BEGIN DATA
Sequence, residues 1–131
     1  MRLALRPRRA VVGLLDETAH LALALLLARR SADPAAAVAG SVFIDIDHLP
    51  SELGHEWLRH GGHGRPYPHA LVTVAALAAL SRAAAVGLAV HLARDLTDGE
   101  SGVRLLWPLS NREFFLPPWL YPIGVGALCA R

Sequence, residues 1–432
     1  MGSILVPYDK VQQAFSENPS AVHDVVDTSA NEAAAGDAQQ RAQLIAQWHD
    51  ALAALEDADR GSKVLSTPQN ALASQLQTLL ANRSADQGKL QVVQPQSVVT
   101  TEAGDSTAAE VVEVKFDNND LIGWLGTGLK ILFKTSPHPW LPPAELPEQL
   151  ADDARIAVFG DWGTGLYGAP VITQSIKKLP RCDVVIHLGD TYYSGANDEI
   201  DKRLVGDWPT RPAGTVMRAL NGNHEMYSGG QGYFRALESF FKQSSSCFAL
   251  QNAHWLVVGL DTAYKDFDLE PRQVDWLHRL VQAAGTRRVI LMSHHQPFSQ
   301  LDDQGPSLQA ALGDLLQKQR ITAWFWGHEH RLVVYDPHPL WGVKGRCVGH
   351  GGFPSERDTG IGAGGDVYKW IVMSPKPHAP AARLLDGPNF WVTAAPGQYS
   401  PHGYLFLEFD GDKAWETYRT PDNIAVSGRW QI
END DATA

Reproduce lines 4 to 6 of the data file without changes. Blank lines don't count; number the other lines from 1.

   101  SGVRLLWPLS NREFFLPPWL YPIGVGALCA R

Sequence, residues 1–432
     1  MGSILVPYDK VQQAFSENPS AVHDVVDTSA NEAAAGDAQQ RAQLIAQWHD